I thought you were referring to this article on cannabinoids and it actually SLOWING the entire progress of MS not just treating spasticity. Here is that article.....Research begins this summer.
Chemical in Marijuana to Slow Multiple Sclerosis?
Tuesday May 19, 2009
The NIH has granted Temple University researchers $1.5 million to test a laboratory-made version of cannabinoids for slowing the progress of multiple sclerosis. Cannabinoids are found in nature in the marijuana plant. Researchers believe that this class of chemicals can create immune suppression, which just might help in multiple sclerosis.
Much like steroids (but with fewer side effects and much more selectively), cannabinoids can "switch off" a portion of the immune response and bring down inflammation and "hyperactivity" of immune cells, possibly preventing (or slowing) some of the damage caused to the myelin by immune cells. It does this by interacting with the receptors on specific immune cells.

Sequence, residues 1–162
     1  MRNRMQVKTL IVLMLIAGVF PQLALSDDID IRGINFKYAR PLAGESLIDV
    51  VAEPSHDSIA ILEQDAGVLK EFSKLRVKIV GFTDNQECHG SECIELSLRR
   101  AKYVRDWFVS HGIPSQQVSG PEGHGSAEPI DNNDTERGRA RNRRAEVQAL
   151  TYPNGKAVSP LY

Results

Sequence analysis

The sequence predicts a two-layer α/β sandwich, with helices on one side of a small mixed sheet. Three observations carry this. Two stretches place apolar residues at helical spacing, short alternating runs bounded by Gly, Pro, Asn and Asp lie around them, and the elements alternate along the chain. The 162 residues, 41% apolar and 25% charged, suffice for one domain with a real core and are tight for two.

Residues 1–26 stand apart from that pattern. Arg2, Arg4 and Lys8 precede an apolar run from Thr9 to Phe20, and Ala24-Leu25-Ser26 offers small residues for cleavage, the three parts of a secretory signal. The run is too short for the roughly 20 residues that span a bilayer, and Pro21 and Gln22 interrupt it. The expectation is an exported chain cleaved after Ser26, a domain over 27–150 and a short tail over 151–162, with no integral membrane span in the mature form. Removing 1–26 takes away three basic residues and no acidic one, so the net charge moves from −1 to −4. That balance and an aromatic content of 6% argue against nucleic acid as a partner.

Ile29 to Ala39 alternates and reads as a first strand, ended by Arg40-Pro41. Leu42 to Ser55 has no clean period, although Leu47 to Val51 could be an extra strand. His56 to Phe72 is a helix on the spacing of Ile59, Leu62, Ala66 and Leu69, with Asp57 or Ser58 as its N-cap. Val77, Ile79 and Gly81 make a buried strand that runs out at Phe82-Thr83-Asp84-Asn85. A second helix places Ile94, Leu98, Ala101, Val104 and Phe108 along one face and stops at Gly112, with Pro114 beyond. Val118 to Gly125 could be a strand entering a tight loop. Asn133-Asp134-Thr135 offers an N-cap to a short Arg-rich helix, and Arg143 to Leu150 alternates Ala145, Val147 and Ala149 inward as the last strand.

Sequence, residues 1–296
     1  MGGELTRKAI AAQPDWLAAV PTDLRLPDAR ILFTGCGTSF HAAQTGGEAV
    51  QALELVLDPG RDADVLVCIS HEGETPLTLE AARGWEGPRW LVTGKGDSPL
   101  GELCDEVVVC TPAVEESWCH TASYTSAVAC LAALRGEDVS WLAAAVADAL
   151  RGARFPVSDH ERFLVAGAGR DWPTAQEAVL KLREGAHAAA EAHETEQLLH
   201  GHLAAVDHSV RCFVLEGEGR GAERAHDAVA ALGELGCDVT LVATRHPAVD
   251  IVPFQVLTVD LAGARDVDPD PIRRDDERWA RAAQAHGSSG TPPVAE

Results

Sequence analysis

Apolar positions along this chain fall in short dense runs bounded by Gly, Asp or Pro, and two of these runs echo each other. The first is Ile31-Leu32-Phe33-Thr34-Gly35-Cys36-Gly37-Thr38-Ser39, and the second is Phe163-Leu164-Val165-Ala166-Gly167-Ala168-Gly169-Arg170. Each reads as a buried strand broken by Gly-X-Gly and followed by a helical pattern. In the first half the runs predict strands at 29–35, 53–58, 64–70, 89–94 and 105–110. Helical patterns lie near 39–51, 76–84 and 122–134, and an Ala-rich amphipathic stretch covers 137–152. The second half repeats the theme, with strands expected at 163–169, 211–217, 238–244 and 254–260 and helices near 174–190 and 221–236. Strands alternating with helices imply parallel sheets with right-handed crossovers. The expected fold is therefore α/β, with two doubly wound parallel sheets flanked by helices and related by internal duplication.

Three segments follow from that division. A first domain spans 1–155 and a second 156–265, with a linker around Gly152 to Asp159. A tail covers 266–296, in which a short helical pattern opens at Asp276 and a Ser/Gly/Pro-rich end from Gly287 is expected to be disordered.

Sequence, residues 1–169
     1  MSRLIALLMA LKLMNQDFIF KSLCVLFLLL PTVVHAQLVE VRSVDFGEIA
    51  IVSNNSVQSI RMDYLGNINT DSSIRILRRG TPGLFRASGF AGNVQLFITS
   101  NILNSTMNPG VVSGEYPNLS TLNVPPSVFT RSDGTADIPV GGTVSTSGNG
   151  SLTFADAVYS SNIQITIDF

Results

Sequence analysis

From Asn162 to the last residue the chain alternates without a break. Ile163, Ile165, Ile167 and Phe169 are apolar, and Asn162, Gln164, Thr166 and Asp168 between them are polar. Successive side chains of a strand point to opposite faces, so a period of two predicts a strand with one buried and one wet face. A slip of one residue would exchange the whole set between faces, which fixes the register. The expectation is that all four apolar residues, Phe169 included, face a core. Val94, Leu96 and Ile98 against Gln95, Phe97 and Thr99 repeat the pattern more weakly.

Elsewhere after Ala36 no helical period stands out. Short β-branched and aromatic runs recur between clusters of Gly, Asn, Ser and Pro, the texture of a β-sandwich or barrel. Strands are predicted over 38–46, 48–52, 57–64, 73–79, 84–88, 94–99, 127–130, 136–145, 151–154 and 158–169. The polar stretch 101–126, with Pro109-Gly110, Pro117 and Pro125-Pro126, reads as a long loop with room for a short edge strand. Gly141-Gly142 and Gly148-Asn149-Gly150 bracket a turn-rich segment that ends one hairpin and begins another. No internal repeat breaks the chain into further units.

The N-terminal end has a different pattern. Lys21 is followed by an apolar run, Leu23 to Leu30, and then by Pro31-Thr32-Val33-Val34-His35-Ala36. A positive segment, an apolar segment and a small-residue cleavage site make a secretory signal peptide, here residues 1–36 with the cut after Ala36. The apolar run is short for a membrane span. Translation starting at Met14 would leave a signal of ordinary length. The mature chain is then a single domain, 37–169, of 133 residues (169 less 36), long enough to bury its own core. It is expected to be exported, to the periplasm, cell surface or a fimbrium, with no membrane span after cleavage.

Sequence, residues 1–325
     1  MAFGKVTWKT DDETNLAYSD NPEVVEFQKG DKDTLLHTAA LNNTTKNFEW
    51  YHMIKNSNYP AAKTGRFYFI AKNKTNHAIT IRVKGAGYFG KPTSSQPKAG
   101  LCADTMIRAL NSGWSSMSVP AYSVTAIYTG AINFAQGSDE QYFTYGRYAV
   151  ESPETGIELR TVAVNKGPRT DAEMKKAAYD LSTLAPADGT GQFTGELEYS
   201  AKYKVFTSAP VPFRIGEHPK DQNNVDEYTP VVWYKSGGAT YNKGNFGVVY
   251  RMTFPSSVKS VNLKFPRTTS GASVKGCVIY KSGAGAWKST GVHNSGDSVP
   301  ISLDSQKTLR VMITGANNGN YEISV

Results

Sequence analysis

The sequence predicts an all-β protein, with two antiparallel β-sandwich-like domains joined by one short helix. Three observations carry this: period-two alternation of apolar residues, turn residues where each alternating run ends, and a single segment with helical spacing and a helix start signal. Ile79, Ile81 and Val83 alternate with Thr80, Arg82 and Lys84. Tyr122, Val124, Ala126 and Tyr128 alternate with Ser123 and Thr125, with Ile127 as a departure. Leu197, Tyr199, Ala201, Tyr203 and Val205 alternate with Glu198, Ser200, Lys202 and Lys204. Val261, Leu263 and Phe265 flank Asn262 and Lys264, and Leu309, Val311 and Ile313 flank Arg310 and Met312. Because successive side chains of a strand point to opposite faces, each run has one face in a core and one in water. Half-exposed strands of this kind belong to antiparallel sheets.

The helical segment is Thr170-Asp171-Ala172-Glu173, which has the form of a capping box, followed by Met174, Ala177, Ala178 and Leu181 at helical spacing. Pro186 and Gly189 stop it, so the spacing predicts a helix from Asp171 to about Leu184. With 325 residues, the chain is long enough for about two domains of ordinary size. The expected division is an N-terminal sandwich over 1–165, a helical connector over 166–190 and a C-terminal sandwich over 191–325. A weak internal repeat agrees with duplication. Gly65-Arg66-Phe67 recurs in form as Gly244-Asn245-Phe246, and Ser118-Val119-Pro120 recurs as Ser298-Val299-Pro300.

Temple researchers have synthesized a compound that has this calming effect on the immune system without any of the psychoactive effects that are associated with marijuana. This four-year research project begins this summer. If successful, this could be a lovely addition to potential MS treatments
There is lots of THC research going on - I have friends who live in the same area as a major pharmaceutical greenhouse in England. I had not heard about the Temple study - that will be another one to watch. Thanks for the updated info.
I recently started to smoke pot agin because of folks telling me it might help. And it did for a few months.But it started to make my eye issues and headaches worse after a while. So I have not smoked any for about a week. I am having trouble sleeping but it seems that other things have gotten better since I stopped smoking it.